Not your normal CB radio. no bandswitch or mode knob on this radio. You have to learn the buttons to press to toggle between modes, change bands, change the display to read channels or frequency, scan or use the memories. The New Zealand frequecies are stored in Band A.
One of my long term favorite designs. Possibly the best all round CB design on the market today when price features and audio are taken into account.
We were a bit aprehensive of this radio due to the similarity between it and the Magnum 257. However, with a single, final, yellow screen and the old type of microphone we did not think we were stepping on magnums toes too heavy so we ordered a couple with the NZ 40ch added to see how they worked.
We have been on RF’s case and the manufacturer of the 257 in the Philipines to incorporate the NZ CB channels into the 257. Without success.
These guys did exactly what we wanted and now we have 40 NZ channels in the place of the 40 US channels that you will find in the regular Dragon 485, magnum 257, Albrecht varients of this fine design. Except this one is made in China and not Korea or the Philipines.
Inside the same little jumper board with four spots to put the jumper.
Jumper Functions
CON1: ~ 10 Meter Only (28.000 – 29.699 MHz)
Continuous coverage (no 40 ch bandswitching required.)
All functions operate normally
SHIFT functions in + or – offset mode and offset can be programmed by holding down the shift key for 3 seconds while Func is showing. Press clarifier knob to bring up Func in left hand upper corner of display.
Momentarily pressing shift with Func showing toggles between + offset and – offset and no offset.
Transmit frequency is altered by the offset.
STEP function allows frequency steps of 1khz, 10khz, or 100khz. The radio will always default to 10khz steps after STEP is pushed for a second time. Main use is to tune off the zeros or to reset end digit to a 5 or a zero or anything else from 1-9.
This radio will not change frequency in 5khz steps yet.
CON2: ~ 10 Meter & 11m Freeband Mode
*At turn on, the radio defaults to where it was turned off.
*To change mode, press FUNC and then press CALL for 3 seconds.
*To return to previous mode, repeat above steps.
for information on Expanded mode operation, see CON3
CON3: ~ 11m Freeband mode (25.615 – 29.699 MHz)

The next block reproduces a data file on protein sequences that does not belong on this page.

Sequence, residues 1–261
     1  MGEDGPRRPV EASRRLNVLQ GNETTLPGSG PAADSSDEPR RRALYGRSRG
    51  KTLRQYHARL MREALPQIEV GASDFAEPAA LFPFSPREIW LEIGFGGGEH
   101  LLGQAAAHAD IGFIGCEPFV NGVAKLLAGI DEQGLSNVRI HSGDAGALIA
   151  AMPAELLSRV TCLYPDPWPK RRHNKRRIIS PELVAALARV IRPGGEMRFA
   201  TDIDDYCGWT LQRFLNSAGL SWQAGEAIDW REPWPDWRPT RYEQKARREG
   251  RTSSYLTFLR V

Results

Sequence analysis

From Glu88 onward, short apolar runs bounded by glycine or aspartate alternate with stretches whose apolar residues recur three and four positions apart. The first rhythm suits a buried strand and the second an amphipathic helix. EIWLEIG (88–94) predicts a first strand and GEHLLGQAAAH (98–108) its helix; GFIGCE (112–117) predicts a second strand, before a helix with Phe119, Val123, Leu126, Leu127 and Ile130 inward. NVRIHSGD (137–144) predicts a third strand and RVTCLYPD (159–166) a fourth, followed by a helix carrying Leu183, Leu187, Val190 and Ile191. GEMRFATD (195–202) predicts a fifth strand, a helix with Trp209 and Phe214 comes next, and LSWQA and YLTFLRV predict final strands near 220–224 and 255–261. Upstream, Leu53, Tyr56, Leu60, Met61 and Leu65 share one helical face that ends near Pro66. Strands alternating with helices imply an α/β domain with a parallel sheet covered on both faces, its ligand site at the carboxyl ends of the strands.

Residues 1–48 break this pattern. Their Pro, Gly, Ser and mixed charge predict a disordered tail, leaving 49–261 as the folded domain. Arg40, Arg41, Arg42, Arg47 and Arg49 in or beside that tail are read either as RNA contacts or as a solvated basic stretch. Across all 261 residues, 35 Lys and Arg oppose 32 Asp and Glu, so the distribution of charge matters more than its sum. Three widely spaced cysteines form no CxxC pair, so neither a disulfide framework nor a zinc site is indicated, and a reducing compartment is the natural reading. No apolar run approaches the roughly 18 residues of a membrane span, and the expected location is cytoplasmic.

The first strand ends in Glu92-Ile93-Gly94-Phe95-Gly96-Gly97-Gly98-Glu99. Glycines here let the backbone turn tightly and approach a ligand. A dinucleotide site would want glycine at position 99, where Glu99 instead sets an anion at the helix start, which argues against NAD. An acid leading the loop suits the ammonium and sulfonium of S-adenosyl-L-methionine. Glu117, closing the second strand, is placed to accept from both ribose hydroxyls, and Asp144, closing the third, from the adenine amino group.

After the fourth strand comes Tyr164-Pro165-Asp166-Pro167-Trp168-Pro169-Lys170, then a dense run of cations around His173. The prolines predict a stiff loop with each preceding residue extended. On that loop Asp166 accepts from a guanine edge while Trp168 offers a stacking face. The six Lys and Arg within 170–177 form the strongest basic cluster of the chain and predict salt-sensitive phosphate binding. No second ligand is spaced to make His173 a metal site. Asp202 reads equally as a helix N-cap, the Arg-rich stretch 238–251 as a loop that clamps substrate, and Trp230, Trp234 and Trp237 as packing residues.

In the Freeband or Expanded mode, the frequency range is divided into 10 Bands of 45 Channels each.
The Alpha channels 03A,07A,11A,15A,19A are available.
In Frequency readout mode just the frequency and Band information is shown.
A Band is 26.330 – 26.770 mhz  (NZ 40 channel CB band) Adding the NZ CB band has cost us the 45 ch below band B. Worth it I think.
B Band is 25.615 – 26.055 mhz
C Band is 26.065 – 26.505 mhz
D Band is 26.515 – 26.955 mhz
E Band is 26.965 – 27.405 mhz (Normal US and Aust 40 ch CB)
F Band is 27.415 – 27.855 mhz  (International Free band)
G Band is 27.865 – 28.305 mhz  (Start of 10m band at 28mhz. Special 10m functions not available)
H Band is 28.315 – 28.755 mhz  (10 meter band. Special 10m functions not available)
I  Band is 28.765 – 29.205 mhz  (10 meter band. Special 10m functions not available)
J Band is 28.215 – 29.695 mhz   (10 meter band. Special 10m functions not available)
The frequencies outlined above can be further adjusted up and down by the use of the STEP function in 1khz increments. The final digit will change and radio will change channel up or down 10khz accordingly.
This is useful to get radio to drop down 5khz or to change channels on Zeros instead of fives when scanning the Ham or 11m free-band frequencies.
The Bands are shown on LCD display by letters (A through J) – Band E is regular 40 channel CB. To switch bands, press the CALL button momentarily.(do not hold down for 3 seconds).
In the Free-band mode, either the frequency or channel can be displayed on the LCD. To switch between frequency display and channel display, press the FUNC button and then press the CALL button momentarily (do not hold down for 3 seconds).
On the channel mode, the small number (0 – 9) to the right of the Band letter is the 1 kHz frequency display.
Example: If the frequency is 27.355, then the channel display will indicate 35 E5. (35) being the channel, (E) being the Band, and (5) being the 1 kHz position of 27.355.
In the Freeband /Expanded mode, the  SHIFT (TX offset) function Will Not Operate.
CON4: ~ 40 Channel NZ CB Only (26.965 – 27.405 MHz) (Only operates on the regular NZ 40 CB channels.)
THis radio would be greatly improved by being able to set the step to 5khz in the freeband and 10m modes.
The position of the jumper sets the mode the radio will turn on in. You must open the radio to change the jumpers.
The ideal jumper setting is Con 2. You can go to the 10 meter mode with all the available shifts and steps and return to the freeband mode which includes the NZ and US 40 channel bands with a couple of clicks (Func and call for 3 secs)
It has 5 memories that record frequency and mode. 3 button presses to enter and 2 to recall.

Still one of the neatest boards out there with a great medium sounding audo. I think the 257 does sound stronger but our sample was the single final version but it could still modulate about 22w PEP out of the box. Probably need to raise the mic gain and the ALC a bit to really make her sing. This Chinese version has a lot of shielding added. We have had no troubles with the 257 and it has none of the shielding but guess they were working towards something here. All the pots are labelled which is a nice feature. Just might prevent someone from tweaking the wrong bit one day. This board has always been strong on FM and I am sure this one will be too but have not tested it. Extremely similar to the Phillipine manufactured radios but with a few significant modifications.

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